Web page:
Jennie (Purdie) McCowan
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The Cedar Hedge in its Early Days -- She Had a Plan...

Harold McCowan and Jennie Purdie raised a family of five in the big brick farmhouse at Stop 20 Kingston Road -- Bob, Jack, Helen, Bill and Jim. Harold and Jennie retired in 1951 and built a new home on their subdivided farm at the edge of the Scarborough Bluffs.    Jennie's mother, Helen Annis, had died of scarlet fever complications in 1896 when Jennie was only eight months old.  Even though she never really had a mother figure in her own formative years, Jennie became an exceptional mother, mother-in-law and grandmother herself -- as these words by her daughter-in-law, Nancy, clearly show.


Janet Taylor Purdie McCowan
By Nancy (Weir) McCowan

Born in a period when women in Canada were not yet considered "persons", Janet Purdie McCowan was probably the "mightiest little person" I ever met.

Multi-talented, she divided her time and efforts among her family, her home, her church (St. Andrew's Presbyterian in Scarborough) and other group interests such as the Women's Institute and the Scarborough Historical Society.

Her home was immaculate, and her mind and hands were always busy devising new changes to make it more beautiful and inviting. These ways may only have been a splash of gold paint or changing furniture around in a room, but they usually worked.

Spring and summer found her and Harold in the garden, lovingly planting or tidying up the flower beds. Each year brought something new, perhaps a pond, a swing, a barbeque or maybe only new chair cushions, but that change was usually there.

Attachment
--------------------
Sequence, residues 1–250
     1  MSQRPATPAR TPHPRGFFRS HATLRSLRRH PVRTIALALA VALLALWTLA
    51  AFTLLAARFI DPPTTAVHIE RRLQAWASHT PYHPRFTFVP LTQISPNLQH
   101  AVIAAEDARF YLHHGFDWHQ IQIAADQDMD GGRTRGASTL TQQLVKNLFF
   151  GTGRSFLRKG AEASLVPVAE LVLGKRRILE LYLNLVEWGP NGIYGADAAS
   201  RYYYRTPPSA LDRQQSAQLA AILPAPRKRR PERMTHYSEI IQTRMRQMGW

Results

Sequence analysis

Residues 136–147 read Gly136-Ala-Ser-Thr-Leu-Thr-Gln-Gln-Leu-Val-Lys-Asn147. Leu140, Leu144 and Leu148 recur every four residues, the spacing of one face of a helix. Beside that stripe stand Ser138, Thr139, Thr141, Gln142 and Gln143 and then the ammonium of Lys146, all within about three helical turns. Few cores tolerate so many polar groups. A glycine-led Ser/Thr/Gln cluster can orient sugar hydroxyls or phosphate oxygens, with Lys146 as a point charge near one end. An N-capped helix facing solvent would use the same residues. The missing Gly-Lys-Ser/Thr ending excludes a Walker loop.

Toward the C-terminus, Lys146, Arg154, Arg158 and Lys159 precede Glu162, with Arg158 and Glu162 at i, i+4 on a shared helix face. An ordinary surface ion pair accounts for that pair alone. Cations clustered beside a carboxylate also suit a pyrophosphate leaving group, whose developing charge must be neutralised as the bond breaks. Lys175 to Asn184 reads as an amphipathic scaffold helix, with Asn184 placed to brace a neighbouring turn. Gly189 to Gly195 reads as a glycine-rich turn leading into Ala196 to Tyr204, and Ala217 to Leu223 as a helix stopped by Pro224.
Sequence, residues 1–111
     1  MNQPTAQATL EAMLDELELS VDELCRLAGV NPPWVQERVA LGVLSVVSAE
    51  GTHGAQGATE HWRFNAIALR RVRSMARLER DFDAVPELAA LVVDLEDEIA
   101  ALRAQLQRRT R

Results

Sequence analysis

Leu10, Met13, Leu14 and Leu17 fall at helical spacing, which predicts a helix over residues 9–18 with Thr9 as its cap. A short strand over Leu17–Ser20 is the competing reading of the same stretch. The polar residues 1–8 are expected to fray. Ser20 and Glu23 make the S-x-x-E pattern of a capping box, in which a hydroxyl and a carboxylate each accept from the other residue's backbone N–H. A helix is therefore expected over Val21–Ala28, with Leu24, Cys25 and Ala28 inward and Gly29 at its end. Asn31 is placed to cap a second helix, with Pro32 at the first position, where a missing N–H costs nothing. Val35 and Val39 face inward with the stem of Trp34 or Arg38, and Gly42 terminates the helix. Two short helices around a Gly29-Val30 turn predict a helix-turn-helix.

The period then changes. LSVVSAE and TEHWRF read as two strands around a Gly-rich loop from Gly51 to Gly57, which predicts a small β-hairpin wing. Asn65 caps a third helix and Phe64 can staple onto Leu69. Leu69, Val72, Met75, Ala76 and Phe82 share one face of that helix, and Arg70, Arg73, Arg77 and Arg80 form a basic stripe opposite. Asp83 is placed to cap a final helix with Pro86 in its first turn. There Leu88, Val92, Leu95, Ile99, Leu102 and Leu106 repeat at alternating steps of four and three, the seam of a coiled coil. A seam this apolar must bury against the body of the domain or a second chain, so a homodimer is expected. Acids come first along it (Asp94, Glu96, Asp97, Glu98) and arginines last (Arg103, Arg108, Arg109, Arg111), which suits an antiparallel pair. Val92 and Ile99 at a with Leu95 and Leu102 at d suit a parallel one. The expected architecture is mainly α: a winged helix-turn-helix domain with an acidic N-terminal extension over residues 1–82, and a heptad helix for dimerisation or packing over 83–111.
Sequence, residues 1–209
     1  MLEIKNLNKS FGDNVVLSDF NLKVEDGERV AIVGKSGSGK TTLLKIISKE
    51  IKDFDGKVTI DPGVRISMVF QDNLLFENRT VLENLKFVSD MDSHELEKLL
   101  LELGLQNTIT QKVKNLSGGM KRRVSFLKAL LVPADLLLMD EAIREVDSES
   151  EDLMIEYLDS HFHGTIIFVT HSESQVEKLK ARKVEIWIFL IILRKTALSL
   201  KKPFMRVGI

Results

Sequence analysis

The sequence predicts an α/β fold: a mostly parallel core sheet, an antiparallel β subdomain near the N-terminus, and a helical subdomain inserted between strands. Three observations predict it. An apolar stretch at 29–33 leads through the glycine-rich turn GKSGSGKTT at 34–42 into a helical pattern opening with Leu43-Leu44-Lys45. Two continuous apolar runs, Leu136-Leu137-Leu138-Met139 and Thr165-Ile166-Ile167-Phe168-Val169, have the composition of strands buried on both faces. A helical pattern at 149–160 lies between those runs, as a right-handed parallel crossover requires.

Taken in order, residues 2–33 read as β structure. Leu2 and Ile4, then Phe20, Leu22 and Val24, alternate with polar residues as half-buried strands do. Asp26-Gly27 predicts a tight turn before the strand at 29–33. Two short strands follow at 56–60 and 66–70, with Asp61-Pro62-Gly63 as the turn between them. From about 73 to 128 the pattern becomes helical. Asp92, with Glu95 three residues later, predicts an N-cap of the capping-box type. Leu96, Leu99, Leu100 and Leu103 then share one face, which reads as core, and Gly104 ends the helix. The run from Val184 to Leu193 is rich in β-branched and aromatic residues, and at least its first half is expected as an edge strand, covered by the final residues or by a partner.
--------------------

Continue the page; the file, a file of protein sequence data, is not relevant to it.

Being small of stature, Jenny found it difficult to buy clothes to fit properly, but no matter, a snip with the scissors and a few stitches would remedy the problem. She loved to dress smartly, and she loved big hats.

Next to her home and family, her church was most important. She knew more of St. Andrew's history than most people, and also recorded much of it. History was in her blood, and the Scarborough Historical Society benefited from her knowledge and efforts. She loved to dress in old-fashioned costume, and whenever there was a special historical day at the Museum or Church, you would find Jenny dressed in her bonnet and burgundy velvet dress, greeting the people.

I first met Jenny in 1950 when I accompanied my parents to St. Andrew's Anniversary - on the third Sunday in June. I had heard about that Church most of my life, but had never seen it. My parents (Jim and Nellie Weir) and the rest of the family had attended it until about 1923 and so knew many people there.

Apparently, I had nothing better to do that particular Sunday and I went with Mom and Dad to Church in Scarborough. Those were the days when the church members would invite visitors home for a meal and a few hours of friendly discussion. As we left the service, we were invited to come for lunch by Mrs. Arthur Thomson, and the invitation was accepted. Within a couple of minutes of that invitation, we received another from Mrs. Harold McCowan, and when we had to decline "lunch", she said "Well, come for supper and go to the evening service with us." Dad, in particular, loved to visit and talk, so this invitation also was accepted. (I guess that the dairy farm chores at Unionville were being taken care of for the day.)

After a lovely lunch with Dr. and Mrs. Thomson, son Dick, and Mr. Thomson's sister, Abigail Thomson (Aunt Abby), we drove to the spacious McCowan family home at Kingston Rd. and McCowan Rd. where we spent another enjoyable time: Dad and Mother with old friends, and unknown to me, I with my future husband and his brothers.

The years passed quickly and Mr. and Mrs. McCowan became Grandpa and Gramma McCowan. Contrary to the usual in-law stories, mine could not have been kinder or more considerate. I learned a lot from Jenny and Harold McCowan.

Jenny loved people, making her home available to any church or lodge (Kiwanis), Women's Institute or other group that might want to come for a meeting or party. She was The Perfect Hostess.